White House: ‘It’s on Us’ to Prevent Campus Sexual Assault

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White House: ‘It’s on Us’ to Prevent Campus Sexual Assault

Martha Kempner

The Obama administration's new campaign suggests that every member of the campus community has a role to play in changing the culture of sexual assault that has gone unchecked for too long.

Read more of our articles on consent and sexual assault on U.S. college campuses here.

The Obama administration is launching a new campaign Friday in its ongoing effort to tackle the issue of sexual assault on college campuses. The campaign, called It’s On Us, suggests that every member of the campus community has a role to play in changing the culture of sexual assault that has gone unchecked for too long.

Created in conjunction with the Center for American Progress, the campaign will be officially launched at a Friday afternoon event attended by both President Obama and Vice President Biden.

Early indications from the White House suggest that the campaign will focus on the role of bystanders and emphasize the importance of everyone stepping in. The White House told reporters, “The campaign reflects a belief that sexual assault isn’t just an issue involving a crime committed by a perpetrator against a victim, but one in which the rest of us also have a role to play.” To that end, the website, which went live on Friday morning, asks visitors to take the following pledge:

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I pledge: To RECOGNIZE that non-consensual sex is sexual assault. To IDENTIFY situations in which sexual assault may occur. To INTERVENE in situations where consent has not or cannot be given. To CREATE an environment in which sexual assault is unacceptable and survivors are supported.

It also provides 13 tips for helping to stop sexual assault, including:

  • Trust your gut. If something looks like it might be a bad situation, it probably is.
  • Get someone to help you if you see something—enlist a friend, RA, bartender, or host to help step in.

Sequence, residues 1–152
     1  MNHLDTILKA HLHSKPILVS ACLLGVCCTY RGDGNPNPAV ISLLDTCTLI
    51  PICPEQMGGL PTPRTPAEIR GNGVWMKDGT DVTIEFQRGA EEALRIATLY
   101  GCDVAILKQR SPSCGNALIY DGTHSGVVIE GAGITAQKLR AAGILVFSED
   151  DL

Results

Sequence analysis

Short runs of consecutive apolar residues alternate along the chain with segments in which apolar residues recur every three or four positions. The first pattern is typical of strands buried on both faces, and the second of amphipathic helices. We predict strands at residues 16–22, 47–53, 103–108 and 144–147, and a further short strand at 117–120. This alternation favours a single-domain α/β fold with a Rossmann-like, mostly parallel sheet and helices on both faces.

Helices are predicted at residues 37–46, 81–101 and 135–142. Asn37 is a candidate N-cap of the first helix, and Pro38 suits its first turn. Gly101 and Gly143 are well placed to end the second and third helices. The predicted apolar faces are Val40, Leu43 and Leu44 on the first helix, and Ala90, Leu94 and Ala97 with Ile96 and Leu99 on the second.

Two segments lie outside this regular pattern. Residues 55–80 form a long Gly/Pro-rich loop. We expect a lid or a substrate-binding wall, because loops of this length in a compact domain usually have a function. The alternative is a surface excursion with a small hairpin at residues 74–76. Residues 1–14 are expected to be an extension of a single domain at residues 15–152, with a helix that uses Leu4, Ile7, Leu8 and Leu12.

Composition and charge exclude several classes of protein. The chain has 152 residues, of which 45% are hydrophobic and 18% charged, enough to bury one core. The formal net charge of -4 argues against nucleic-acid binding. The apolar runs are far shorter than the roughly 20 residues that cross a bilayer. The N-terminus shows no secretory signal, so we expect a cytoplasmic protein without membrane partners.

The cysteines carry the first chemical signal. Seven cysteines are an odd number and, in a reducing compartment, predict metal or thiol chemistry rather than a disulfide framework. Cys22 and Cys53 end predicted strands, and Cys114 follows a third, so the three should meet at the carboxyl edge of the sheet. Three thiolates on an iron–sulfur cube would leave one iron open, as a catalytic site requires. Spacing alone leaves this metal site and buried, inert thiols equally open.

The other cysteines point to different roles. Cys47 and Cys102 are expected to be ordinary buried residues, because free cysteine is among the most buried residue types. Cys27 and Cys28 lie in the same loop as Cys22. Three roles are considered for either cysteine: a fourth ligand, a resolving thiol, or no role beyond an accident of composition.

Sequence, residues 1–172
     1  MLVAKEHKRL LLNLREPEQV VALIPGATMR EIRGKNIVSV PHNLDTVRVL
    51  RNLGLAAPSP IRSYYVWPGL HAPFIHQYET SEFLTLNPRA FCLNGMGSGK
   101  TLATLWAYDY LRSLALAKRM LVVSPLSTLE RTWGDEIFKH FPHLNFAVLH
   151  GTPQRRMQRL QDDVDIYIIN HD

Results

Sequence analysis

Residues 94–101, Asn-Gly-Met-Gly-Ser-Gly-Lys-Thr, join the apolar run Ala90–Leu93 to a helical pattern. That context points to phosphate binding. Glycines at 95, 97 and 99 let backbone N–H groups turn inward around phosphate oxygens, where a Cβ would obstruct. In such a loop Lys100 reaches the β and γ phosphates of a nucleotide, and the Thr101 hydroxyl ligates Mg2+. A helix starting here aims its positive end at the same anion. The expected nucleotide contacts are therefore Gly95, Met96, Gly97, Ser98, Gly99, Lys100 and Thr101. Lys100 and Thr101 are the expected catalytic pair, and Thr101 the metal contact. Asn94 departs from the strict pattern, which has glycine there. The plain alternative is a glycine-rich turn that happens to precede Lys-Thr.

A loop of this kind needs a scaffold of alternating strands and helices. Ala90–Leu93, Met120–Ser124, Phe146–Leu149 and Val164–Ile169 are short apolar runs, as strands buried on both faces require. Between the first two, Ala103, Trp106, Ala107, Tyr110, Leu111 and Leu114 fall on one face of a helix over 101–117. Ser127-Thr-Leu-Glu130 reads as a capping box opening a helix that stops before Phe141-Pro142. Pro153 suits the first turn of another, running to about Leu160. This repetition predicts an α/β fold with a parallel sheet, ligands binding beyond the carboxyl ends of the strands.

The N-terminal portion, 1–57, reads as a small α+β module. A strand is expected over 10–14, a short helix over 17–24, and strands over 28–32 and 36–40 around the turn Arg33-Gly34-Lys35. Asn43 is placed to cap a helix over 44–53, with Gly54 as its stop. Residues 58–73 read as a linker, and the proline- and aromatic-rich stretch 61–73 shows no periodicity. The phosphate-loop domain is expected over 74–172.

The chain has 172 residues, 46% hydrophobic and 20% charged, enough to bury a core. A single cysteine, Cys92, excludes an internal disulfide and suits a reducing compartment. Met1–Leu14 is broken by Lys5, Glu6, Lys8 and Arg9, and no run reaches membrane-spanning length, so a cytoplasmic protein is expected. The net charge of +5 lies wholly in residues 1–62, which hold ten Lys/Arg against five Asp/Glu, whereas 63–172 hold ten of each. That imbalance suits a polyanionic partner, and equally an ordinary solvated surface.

• Get in the way by creating a distraction, drawing attention to the situation, or separating them.
  • If you see someone who is too intoxicated to consent, enlist their friends to help them leave safely.
  • Never blame the victim.

The campaign also includes public service announcements. One will be played for the first time at the launch event and is said to include numerous celebrities, including actors Jon Hamm and Kerry Washington, basketball star Kevin Love, and musicians Randy Jackson and Questlove. It will be played again at a number of college football games this weekend.

The campaign is the latest in a series of steps the Obama administration has taken this year to call attention to—and help solve—the problem of sexual assault on campus. In January, President Obama announced a new White House Task Force to Protect Students from Sexual Assault, saying at the time, “Sexual violence is more than just a crime against individuals. It threatens our families, it threatens our communities; ultimately, it threatens the entire country.” In April, the task force released a report called Not Alone, which said the task force would work with the colleges and universities to provide best practices for both preventing and responding to sexual assault; build on the federal government’s enforcement efforts to ensure schools are meeting all legal requirements; improve transparency of the government’s enforcement activities; and enhance coordination among federal agencies to hold schools accountable.

In May, the U.S. Department of Education released a list of the higher education institutions under investigation for possible violations of federal law over the handling of sexual violence and harassment complaints.

With this campaign, however, the White House is targeting not just administrators but students as well, and is hoping that if we all share the burden we may be able to change the social norms and behaviors that make campus rape so prevalent.